if you want to see specific schema tables

=>\dt schema_name.*



20 people think this answer is useful

First Connect with the Database using following command

\c database_name



And you will see this message – You are now connected to database database_name. And them run the following command

SELECT * FROM table_name;



In database_name and table_name just update with your database and table name

18 people think this answer is useful

If you are using pgAdmin4 in PostgreSQL, you can use this to show the tables in your database:

select * from information_schema.tables where table_schema='public';



14 people think this answer is useful

Note that \dt alone will list tables in the public schema of the database you’re using. I like to keep my tables in separate schemas, so the accepted answer didn’t work for me.

To list all tables within a specific schema, I needed to:

1) Connect to the desired database:

psql mydb



2) Specify the schema name I want to see tables for after the \dt command, like this:

\dt myschema.*



This shows me the results I’m interested in:

               List of relations
Schema   |       Name      | Type  |  Owner
----------+-----------------+-------+----------
myschema | users           | table | postgres
myschema | activity        | table | postgres
myschema | roles           | table | postgres



13 people think this answer is useful
select
*
from
pg_catalog.pg_tables
where
schemaname != 'information_schema'
and schemaname != 'pg_catalog';



8 people think this answer is useful

\dt (no * required) — will list all tables for an existing database you are already connected to. Also useful to note:

\d [table_name] — will show all columns for a given table including type information, references and key constraints.

6 people think this answer is useful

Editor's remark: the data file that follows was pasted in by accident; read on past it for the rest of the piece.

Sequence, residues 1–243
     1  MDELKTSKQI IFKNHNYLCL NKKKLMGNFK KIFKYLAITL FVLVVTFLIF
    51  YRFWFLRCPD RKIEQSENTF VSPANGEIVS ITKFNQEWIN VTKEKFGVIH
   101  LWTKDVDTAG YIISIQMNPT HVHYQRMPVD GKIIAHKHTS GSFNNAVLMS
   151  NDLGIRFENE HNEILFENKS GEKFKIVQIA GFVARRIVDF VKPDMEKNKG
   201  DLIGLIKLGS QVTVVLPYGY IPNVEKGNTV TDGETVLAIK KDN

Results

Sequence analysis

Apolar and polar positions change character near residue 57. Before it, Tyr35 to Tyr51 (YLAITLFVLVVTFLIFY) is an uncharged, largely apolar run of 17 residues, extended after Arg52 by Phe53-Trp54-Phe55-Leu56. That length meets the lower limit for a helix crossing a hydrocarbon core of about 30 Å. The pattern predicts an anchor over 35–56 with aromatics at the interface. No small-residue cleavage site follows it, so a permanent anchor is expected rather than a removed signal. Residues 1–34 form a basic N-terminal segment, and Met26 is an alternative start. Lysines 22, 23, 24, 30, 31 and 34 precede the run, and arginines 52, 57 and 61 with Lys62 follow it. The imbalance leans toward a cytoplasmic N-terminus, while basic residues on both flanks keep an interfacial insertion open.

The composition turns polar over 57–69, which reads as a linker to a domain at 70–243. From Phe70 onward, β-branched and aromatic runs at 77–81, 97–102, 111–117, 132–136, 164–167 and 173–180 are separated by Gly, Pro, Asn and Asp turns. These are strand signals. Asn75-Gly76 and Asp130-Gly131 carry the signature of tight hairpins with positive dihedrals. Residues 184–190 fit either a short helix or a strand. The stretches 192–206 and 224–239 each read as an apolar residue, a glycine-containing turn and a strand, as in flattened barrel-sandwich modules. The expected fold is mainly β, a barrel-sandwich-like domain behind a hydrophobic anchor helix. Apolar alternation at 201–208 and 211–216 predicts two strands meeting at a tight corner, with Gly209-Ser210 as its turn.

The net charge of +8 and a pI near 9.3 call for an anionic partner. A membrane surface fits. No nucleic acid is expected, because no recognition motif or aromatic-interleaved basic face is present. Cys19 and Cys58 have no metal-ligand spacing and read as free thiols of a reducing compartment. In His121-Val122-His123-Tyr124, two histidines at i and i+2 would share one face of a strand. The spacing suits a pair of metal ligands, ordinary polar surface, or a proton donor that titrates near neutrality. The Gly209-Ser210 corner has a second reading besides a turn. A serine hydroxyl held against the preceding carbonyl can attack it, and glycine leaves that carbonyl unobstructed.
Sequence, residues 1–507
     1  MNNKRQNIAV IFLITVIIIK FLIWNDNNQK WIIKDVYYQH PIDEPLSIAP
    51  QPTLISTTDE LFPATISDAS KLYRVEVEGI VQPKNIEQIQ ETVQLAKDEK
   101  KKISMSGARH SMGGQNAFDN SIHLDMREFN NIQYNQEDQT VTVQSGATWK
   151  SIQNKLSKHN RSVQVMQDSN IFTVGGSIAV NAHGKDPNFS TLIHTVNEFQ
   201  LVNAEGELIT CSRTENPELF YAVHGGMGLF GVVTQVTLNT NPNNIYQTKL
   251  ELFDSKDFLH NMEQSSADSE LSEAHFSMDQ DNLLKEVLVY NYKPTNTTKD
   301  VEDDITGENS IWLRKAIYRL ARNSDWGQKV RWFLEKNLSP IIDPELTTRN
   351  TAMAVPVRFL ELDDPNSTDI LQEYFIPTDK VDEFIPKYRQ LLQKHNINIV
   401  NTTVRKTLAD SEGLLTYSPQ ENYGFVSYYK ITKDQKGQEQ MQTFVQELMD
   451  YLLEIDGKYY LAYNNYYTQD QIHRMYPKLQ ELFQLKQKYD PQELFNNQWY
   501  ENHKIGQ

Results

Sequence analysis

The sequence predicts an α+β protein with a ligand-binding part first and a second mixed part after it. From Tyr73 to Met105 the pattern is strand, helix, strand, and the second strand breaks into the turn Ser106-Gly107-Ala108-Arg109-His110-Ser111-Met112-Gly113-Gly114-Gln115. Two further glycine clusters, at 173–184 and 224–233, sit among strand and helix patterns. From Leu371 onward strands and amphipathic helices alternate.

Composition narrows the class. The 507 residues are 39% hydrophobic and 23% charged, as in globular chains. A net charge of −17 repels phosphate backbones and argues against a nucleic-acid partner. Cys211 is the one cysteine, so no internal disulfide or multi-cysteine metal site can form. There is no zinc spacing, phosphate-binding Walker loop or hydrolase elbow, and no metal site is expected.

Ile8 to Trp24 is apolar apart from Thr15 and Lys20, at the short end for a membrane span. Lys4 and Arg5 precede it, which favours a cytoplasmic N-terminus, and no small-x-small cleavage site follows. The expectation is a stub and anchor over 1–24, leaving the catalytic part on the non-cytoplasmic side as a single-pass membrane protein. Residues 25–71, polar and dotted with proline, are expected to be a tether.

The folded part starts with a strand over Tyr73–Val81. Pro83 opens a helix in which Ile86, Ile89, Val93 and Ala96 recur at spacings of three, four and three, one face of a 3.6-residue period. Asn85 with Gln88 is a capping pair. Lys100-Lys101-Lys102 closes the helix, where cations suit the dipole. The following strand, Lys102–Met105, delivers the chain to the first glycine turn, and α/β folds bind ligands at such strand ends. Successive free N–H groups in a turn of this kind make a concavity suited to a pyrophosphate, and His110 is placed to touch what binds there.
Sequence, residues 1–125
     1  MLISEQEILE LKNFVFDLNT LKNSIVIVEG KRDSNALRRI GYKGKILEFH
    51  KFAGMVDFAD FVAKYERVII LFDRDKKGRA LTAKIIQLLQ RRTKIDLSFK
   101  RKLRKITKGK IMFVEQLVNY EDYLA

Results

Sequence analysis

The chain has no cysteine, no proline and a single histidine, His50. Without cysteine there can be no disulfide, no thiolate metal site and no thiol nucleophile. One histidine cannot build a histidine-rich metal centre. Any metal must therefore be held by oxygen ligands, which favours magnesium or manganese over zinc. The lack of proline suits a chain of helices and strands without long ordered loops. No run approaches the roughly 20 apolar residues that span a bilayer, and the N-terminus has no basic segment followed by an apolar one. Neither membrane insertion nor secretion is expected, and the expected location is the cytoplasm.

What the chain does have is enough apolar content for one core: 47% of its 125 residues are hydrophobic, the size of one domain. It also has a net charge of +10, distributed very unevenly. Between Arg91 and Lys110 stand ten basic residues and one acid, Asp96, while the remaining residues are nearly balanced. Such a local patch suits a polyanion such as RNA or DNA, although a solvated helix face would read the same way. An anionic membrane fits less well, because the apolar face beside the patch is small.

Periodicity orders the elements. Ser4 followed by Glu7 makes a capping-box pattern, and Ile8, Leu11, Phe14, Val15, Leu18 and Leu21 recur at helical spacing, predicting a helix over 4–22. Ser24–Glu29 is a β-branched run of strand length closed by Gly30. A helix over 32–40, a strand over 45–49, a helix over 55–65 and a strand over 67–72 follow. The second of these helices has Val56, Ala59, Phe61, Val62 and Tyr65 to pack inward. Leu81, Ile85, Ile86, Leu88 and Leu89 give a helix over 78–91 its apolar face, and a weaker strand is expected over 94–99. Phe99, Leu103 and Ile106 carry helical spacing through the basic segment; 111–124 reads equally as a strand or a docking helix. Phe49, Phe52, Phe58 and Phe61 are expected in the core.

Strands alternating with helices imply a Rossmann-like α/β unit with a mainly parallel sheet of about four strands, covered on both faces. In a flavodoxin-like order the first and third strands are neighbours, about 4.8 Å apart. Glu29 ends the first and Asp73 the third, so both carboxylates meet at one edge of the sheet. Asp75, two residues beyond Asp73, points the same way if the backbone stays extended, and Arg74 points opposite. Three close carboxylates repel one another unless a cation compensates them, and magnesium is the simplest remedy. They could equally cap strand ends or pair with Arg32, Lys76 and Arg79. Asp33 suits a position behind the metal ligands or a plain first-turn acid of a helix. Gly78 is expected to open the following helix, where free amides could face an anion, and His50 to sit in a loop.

You can list the tables in the current database with \dt.

Fwiw, \d tablename will show details about the given table, something like show columns from tablename in MySQL, but with a little more information.

6 people think this answer is useful

The most straightforward way to list all tables at command line is, for my taste :

psql -a -U <user> -p <port> -h <server> -c "\dt"



For a given database just add the database name :

psql -a -U <user> -p <port> -h <server> -c "\dt" <database_name>



It works on both Linux and Windows.

5 people think this answer is useful

Using psql : \dt

Or:

SELECT c.relname AS Tables_in FROM pg_catalog.pg_class c
LEFT JOIN pg_catalog.pg_namespace n ON n.oid = c.relnamespace
WHERE pg_catalog.pg_table_is_visible(c.oid)
AND c.relkind = 'r'
AND relname NOT LIKE 'pg_%'
ORDER BY 1



3 people think this answer is useful

First of all you have to connect with your database like

my database is ubuntu

use this command to connect

 \c ubuntu



This message will show

“You are now connected to database “ubuntu” as user “postgres”.”

Now

Run this command to show all tables in it

\d+



3 people think this answer is useful

as a quick oneliner

# just list all the postgres tables sorted in the terminal
db='my_db_name'
clear;psql -d $db -t -c '\dt'|cut -c 11-|perl -ne 's/^([a-z_0-9]*)( )(.*)/$1/; print'



or if you prefer much clearer json output multi-liner :

IFS='' read -r -d '' sql_code <<"EOF_CODE"
select array_to_json(array_agg(row_to_json(t))) from (
SELECT table_catalog,table_schema,table_name
FROM information_schema.tables
ORDER BY table_schema,table_name ) t
EOF_CODE
psql -d postgres -t -q -c "\$sql_code"|jq



1 people think this answer is useful

\dt will list tables, and “\pset pager off” shows them in the same window, without switching to a separate one. Love that feature to death in dbshell.

1 people think this answer is useful

This SQL Query works with most of the versions of PostgreSQL and fairly simple .

select table_name from information_schema.tables where table_schema='public' ;



0 people think this answer is useful

To view foreign tables in psql, run \dE

0 people think this answer is useful
1. In PostgreSQL command-line interface after login, type the following command to connect with the desired database.

    \c [database_name]



Then you will see this message You are now connected to database "[database_name]"

1. Type the following command to list all the tables.

    \dt



psql -h localhost -p port_number -d database_name -U user_name -W